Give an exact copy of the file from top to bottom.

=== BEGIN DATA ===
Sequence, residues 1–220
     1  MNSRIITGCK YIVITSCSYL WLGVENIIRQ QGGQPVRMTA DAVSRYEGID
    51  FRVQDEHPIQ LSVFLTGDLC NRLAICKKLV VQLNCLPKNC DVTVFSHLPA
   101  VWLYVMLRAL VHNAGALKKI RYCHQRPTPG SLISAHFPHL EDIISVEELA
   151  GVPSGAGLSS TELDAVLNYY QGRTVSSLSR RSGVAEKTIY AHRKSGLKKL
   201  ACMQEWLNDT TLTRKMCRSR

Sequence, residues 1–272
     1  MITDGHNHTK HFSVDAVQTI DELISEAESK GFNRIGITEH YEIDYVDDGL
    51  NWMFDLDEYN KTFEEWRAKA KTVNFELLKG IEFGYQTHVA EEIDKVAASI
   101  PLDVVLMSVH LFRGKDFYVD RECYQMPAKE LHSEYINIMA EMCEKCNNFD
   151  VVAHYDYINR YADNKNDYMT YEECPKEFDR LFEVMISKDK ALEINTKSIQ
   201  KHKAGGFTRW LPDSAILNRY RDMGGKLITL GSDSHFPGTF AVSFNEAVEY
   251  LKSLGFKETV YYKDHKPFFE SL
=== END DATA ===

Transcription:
Sequence, residues 1–220
     1  MNSRIITGCK YIVITSCSYL WLGVENIIRQ QGGQPVRMTA DAVSRYEGID
    51  FRVQDEHPIQ LSVFLTGDLC NRLAICKKLV VQLNCLPKNC DVTVFSHLPA
   101  VWLYVMLRAL VHNAGALKKI RYCHQRPTPG SLISAHFPHL EDIISVEELA
   151  GVPSGAGLSS TELDAVLNYY QGRTVSSLSR RSGVAEKTIY AHRKSGLKKL
   201  ACMQEWLNDT TLTRKMCRSR

Sequence, residues 1–272
     1  MITDGHNHTK HFSVDAVQTI DELISEAESK GFNRIGITEH YEIDYVDDGL
    51  NWMFDLDEYN KTFEEWRAKA KTVNFELLKG IEFGYQTHVA EEIDKVAASI
   101  PLDVVLMSVH LFRGKDFYVD RECYQMPAKE LHSEYINIMA EMCEKCNNFD
   151  VVAHYDYINR YADNKNDYMT YEECPKEFDR LFEVMISKDK ALEINTKSIQ
   201  KHKAGGFTRW LPDSAILNRY RDMGGKLITL GSDSHFPGTF AVSFNEAVEY
   251  LKSLGFKETV YYKDHKPFFE SL